Wrap cinnamon stick, bay leaves, star anise, and peppercorns in piece of cheesecloth and tie to secure; set aside. Melt butter with oil in heavy large pot over medium-high heat until butter starts to brown. Sprinkle short ribs with salt and freshly ground black pepper. Working in 2 batches, add short ribs to pot and cook until deep brown on all sides, turning occasionally, 7 to 8 minutes per batch. Transfer ribs to large bowl. Add onion to same pot and sauté over medium-high heat until golden brown, about 5 minutes. Add spice packet and Worcestershire sauce; stir 1 minute. Return short ribs to same pot; sprinkle with flour and stir 1 minute. Add ale, broth, and stout, then prunes and brown sugar; bring to boil. Sprinkle lightly with salt and freshly ground black pepper. Spread mustard over bread slice, then place bread slice atop short ribs in pot, pressing to submerge bread into liquid. Reduce heat to medium-low, cover, and simmer until short ribs are very tender and begin to fall off bones, stirring occasionally, about 21/2 hours. Discard spice packet. Transfer short ribs to plate. Strain pan juices through large sieve set over large bowl; reserve solids in strainer. Spoon fat from top of pan juices and discard. Return juices to same pot and boil until liquid is reduced to 4 cups, 15 to 20 minutes. Season juices to taste with salt and pepper. Return short ribs and solids from strainer to juices in pot and simmer until heated through, about 10 minutes longer. Transfer short ribs and sauce to large bowl; sprinkle with parsley and serve. *A brown star-shaped seedpod; available in the spice section of some supermarkets and at specialty foods stores and Asian markets.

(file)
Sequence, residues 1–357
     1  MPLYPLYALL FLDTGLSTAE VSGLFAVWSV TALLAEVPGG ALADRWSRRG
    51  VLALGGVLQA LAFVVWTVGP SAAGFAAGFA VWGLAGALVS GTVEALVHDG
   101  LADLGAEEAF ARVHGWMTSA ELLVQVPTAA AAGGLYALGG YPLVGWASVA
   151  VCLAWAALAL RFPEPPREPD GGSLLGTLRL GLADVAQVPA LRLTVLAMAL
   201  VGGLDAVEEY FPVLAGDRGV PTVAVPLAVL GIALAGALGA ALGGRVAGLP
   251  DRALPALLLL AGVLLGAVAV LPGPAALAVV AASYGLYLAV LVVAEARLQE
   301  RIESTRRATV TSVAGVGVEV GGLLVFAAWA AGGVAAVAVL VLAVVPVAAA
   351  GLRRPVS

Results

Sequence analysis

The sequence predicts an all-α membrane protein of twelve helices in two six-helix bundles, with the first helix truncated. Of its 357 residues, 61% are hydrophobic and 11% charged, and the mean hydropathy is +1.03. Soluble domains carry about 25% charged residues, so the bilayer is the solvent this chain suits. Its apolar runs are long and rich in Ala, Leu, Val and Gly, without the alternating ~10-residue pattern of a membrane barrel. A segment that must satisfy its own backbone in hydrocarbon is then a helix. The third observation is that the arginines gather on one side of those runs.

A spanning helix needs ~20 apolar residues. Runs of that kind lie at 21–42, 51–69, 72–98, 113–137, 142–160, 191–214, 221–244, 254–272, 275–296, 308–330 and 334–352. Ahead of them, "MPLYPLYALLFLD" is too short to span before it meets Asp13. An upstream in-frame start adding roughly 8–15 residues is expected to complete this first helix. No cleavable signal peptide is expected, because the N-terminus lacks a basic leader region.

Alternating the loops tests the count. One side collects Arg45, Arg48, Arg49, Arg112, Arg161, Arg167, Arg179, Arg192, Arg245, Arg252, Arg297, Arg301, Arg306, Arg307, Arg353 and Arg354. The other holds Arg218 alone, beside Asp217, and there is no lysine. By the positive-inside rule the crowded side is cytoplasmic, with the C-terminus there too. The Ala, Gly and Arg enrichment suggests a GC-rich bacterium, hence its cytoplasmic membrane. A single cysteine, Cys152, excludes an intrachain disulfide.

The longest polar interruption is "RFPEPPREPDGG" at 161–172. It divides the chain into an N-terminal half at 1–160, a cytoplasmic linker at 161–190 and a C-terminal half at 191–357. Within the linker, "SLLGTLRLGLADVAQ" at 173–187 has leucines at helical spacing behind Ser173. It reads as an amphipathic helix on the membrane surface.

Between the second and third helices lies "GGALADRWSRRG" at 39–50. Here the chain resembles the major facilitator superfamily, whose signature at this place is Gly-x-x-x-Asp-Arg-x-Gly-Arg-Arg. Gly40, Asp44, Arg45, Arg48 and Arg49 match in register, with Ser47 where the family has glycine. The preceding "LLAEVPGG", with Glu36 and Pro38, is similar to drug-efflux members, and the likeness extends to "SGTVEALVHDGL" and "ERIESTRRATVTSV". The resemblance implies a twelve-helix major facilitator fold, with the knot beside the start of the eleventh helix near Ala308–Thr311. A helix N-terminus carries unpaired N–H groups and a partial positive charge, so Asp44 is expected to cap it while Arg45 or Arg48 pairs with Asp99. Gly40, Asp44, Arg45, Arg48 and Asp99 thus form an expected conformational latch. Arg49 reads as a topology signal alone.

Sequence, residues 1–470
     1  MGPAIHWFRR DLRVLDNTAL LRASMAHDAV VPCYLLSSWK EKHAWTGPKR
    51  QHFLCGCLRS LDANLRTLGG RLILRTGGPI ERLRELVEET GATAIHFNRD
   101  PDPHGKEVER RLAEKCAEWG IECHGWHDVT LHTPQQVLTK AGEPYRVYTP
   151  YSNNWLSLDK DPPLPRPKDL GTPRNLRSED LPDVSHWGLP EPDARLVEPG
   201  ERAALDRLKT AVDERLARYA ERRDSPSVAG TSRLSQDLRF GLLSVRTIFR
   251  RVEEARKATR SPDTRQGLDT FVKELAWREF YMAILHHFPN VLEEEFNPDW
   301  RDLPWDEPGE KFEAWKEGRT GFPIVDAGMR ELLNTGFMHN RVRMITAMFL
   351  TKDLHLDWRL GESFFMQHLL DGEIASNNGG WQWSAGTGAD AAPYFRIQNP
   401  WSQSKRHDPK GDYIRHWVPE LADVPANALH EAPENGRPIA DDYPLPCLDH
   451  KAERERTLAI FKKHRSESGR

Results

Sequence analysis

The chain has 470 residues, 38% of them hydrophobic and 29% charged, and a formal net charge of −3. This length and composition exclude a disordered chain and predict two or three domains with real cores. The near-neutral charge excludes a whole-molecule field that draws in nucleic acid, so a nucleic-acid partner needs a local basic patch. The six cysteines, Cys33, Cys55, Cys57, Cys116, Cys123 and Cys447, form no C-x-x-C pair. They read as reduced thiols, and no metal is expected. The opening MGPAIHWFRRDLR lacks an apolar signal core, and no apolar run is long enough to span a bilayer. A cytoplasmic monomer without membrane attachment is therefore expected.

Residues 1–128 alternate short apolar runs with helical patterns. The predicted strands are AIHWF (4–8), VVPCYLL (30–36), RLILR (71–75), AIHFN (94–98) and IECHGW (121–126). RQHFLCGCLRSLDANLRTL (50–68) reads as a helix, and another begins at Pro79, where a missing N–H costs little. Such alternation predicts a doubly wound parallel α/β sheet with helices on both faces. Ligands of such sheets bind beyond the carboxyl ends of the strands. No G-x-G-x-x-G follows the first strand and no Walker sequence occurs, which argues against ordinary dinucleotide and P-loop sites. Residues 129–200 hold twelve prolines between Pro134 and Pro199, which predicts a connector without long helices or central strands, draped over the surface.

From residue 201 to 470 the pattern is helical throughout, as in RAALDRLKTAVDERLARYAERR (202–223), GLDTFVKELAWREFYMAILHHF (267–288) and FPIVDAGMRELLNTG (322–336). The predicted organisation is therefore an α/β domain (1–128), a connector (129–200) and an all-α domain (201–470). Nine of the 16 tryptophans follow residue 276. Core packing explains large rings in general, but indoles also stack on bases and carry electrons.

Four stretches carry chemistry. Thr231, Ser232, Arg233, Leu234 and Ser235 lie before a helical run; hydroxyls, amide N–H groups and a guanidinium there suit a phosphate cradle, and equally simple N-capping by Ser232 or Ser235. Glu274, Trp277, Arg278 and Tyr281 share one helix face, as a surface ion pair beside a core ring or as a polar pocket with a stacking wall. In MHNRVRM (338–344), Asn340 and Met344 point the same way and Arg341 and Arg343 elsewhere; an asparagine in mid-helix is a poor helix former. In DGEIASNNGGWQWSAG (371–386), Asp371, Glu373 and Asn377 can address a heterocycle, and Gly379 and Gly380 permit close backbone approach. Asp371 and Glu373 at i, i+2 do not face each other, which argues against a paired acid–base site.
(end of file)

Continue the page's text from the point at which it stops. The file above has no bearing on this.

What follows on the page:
8 5x3x1/2-inch slices country-style bread